By ANTHONY TUAN LE
By this time last year, on March 5, 2000, the first Vietnamese martyr, a young catechist who in 1644 gave his life for Christ, was beatified by Pope John Paul II. His preaching lasted only a few years, but his witness of faith was intense enough to be remembered by millions of Vietnamese faithful for more than 350 years.
In Vietnam, Christianity is widespread; its roots and vibrancy find their source in the merits of generations of catechists who continued to serve Christ and the Gospel for centuries, even after foreign missionaries had been expelled and native clergy prohibited from exercising their ministry.
The story of 17th century Christianity in Cocicina (the South), Vietnam, and of Andrew’s place in it, was told by Father Alexander de Rhodes, a French Jesuit missionary, who was for Vietnam what Father Matteo Ricci was for China and Father Roberto de Nobili for India, compiling the first dictionary of the national language and developing the written characters still used today. He was present for the imprisonment, condemnation to death, and martyrdom of Andrew, whose family name is unknown, and wrote the first account five years after the death of the young Vietnamese catechist.
Andrew was born in the province of Ran Ran (Phu Yen), and his mother’s Christian name was Joanne. Though extremely poor, his mother had educated her children by her wisdom and dedicated love. The youngest son, with a rather weak constitution but an excellent mind and sound judgment, had a soul that tended towards goodness. At the insistence of Andrew’s mother, Father de Rhodes decided to accept him among his students, and he applied himself to the study of Chinese characters to such a degree that he soon surpassed his fellow students. He received baptism in 1641 along with his mother, only three years before his death, at the age of 19 or 20.
One year later, in 1642, Andrew was chosen to meet Father de Rhodes’s trustworthy group of partners and received further training in religious and culture to become a catechist. In 1643, Andrew started his works as a catechist to save homeless souls and to spread the Lord’s words.
In late July 1644, the Mandarin Nghè Bo came back to the province carrying with him the order from King Nguyen to halt the expansion of Christianity in his kingdom and firmly decided to act immediately against the Vietnamese catechists. Soldiers sent to Father de Rhodes’ house with orders to pick up a catechist named Ignatius found the catechist absent, and breaking into the priest’s residence, they came across young Andrew to bring back to Ong Nghè. They beat him and brought him, bound, to the Mandarin on the evening of July 25, 1644, explaining that he was a catechist just like Ignatius, since “he had always spoken of the law of Christ to everyone in the village, exhorting them to receive it.”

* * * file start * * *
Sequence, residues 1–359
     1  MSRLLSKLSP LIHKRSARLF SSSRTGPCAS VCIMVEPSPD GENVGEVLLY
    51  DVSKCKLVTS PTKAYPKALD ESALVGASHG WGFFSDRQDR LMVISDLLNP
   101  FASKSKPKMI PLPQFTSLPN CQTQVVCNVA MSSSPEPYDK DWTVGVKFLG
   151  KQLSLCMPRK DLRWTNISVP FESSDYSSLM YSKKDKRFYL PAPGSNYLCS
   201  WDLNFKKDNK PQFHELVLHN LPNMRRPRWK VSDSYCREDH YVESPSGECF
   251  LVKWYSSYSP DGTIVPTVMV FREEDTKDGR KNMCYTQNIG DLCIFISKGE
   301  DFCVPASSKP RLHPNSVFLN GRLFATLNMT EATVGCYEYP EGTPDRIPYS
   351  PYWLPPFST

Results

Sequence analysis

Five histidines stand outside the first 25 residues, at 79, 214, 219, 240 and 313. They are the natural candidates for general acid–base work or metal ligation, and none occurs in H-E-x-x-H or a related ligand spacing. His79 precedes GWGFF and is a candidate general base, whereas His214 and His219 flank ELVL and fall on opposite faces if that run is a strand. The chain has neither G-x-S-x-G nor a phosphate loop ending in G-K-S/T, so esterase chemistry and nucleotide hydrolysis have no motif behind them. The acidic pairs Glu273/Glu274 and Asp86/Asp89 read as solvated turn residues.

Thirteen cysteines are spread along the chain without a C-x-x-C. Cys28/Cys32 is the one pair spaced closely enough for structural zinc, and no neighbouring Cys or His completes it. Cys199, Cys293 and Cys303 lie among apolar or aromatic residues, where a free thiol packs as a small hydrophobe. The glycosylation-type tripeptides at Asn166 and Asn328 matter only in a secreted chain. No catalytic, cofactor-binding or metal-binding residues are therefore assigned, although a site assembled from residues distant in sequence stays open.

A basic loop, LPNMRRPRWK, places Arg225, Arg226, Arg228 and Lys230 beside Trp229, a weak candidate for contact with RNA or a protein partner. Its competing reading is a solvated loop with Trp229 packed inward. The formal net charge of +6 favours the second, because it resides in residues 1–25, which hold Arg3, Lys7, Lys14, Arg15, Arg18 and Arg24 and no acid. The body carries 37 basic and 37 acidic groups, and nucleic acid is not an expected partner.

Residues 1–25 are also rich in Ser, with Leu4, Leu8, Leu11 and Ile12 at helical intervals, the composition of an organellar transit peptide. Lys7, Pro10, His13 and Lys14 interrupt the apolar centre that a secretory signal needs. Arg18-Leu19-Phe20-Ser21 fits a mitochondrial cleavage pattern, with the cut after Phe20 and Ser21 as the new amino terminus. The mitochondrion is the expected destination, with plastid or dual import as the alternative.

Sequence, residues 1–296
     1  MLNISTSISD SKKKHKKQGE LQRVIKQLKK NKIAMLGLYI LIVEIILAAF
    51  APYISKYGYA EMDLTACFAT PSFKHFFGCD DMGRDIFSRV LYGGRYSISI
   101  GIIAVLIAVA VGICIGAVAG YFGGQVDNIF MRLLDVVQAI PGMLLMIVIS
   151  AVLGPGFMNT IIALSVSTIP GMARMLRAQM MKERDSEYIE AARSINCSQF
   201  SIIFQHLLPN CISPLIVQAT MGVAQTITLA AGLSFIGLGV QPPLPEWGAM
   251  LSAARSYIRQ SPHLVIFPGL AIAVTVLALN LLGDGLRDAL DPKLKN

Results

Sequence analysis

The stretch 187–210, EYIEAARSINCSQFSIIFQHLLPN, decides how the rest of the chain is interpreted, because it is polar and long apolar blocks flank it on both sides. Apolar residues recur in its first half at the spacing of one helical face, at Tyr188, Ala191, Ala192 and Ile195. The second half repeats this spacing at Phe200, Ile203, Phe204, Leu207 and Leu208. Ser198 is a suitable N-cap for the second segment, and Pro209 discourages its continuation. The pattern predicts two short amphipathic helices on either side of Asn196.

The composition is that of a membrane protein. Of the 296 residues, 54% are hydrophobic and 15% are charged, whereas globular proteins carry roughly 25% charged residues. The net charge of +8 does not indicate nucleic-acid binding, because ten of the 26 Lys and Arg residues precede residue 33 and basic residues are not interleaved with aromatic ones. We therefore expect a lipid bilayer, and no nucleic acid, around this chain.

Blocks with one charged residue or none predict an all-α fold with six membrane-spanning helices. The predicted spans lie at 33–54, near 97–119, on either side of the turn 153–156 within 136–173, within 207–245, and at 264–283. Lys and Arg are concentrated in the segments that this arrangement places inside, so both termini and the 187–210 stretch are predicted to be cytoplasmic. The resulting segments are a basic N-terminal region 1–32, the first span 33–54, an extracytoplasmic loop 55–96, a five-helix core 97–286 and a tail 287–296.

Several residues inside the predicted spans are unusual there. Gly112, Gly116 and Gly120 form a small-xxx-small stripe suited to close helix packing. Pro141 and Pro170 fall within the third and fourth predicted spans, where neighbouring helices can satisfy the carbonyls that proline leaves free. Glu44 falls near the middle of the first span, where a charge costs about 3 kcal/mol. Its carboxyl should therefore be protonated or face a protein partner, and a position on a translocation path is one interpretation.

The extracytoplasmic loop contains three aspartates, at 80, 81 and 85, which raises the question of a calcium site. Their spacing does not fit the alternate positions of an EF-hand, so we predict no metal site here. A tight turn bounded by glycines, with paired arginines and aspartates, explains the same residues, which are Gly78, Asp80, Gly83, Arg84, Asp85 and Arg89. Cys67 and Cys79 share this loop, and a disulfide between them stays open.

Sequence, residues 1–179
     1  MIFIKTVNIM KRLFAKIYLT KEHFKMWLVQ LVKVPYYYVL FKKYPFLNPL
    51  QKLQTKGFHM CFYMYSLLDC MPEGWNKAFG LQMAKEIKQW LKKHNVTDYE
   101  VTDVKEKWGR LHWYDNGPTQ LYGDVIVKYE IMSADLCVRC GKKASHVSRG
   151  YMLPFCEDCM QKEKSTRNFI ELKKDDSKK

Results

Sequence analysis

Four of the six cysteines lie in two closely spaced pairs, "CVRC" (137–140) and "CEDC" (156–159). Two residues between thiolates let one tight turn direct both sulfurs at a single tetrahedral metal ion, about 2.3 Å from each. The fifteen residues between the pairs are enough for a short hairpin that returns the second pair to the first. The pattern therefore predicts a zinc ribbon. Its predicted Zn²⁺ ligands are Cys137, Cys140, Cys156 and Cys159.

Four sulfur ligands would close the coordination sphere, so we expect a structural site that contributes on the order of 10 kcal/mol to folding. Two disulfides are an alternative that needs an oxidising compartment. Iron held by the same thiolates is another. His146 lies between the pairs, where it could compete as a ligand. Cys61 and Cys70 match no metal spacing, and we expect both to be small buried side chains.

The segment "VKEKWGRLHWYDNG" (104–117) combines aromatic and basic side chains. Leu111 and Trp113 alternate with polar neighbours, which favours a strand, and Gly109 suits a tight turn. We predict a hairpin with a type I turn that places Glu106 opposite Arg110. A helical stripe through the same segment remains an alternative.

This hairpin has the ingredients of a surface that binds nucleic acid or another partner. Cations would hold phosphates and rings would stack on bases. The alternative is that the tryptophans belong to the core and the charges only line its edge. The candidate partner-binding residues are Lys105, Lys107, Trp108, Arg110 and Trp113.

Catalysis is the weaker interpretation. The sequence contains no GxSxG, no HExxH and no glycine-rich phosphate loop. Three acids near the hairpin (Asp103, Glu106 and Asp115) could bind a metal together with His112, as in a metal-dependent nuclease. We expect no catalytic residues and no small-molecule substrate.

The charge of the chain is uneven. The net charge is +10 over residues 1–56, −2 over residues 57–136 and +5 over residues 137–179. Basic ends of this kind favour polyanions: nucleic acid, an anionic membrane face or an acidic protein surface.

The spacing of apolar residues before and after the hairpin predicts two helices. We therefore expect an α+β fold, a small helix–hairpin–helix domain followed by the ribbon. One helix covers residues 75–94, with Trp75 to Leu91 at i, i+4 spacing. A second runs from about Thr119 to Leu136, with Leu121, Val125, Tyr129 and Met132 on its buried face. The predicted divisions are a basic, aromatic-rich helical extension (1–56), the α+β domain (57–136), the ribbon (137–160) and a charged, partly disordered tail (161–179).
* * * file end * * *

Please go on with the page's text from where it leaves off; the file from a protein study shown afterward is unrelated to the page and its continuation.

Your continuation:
Detained, Andrew was counseled to “give up his idiotic opinion,” and to renounce his faith. The intrepid catechist responded that he “was Christian,” willing to suffer anything in order to “not abandon the law he professed,” urging them to prepare the tortures, saying that for his beliefs he would willingly embrace to the same degree “both the suffering and the most glorious death.”
Father de Rhodes and some Portuguese merchants arrived to the house where Andrew was being held and found him serene and happy to be able to suffer for Christ. With tears in their eyes, they offered him their prayers, and Andrew asked them to pray for themselves, too, that God might grant them to be faithful to him and to the “infinite love of the Lord who gave his own life for mankind …” He repeated these thoughts and then concluded, saying “Let us give love for love to our God, let us give life for life.”
In the afternoon of July 26, 1644, a captain came with 30 soldiers, commanding that he follow to the place where they would murder him. Andrew gave thanks to the Lord that the hour of his sacrifice had arrived and bid farewell to those with him in prison. Father de Rhodes, following the customs of the land, asked and received permission to spread a mat out under the body of Andrew to catch his blood, but Andrew did not want to accept this. He preferred that his blood fall on the ground, as the Precious Blood of Christ his Lord had. Father de Rhodes respected this decision and knelt beside him.
Andrew continued to encourage the Christians present to remain firm in their faith, not to be saddened on account of his death, and to help him with their prayers to be faithful to the end. Spears pierced the left side of his body, and when a soldier brandished a scimitar to decapitate him, he exclaimed in a loud voice, “Jesus!” bearing witness to his Christian faith and love.
Despite the passing of centuries, the Vietnamese Catholics who are still living in the country as well as abroad, have never forgotten this young catechist, considering him the protomartyr of our country, and a powerful intercessor for our own coherence and fidelity to the faith. Since then, thousands of Vietnamese catechists have chosen Andrew (Phu Yen) as their patron and an example to continue spreading our God’s words to everybody at every place in whatever circumstances despite the severe and strict control of the communist regime of Vietnam.
Bishop Robert J. Baker has chosen this year (2001) as a Year of Reconciliation. What does it mean to us as Andrew’s children? We need to expand our Lord’s world not only within our small scope of a faith community in the Diocese of Charleston, but to those who do not know what Jesus is and how he loves and cares for us, and finally to those who need us most.
I am sure with the help and support of Andrew, we can do what Jesus Christ wants us to do.
Anthony Tuan Le is a parishioner at St. Mary Church in Greenville.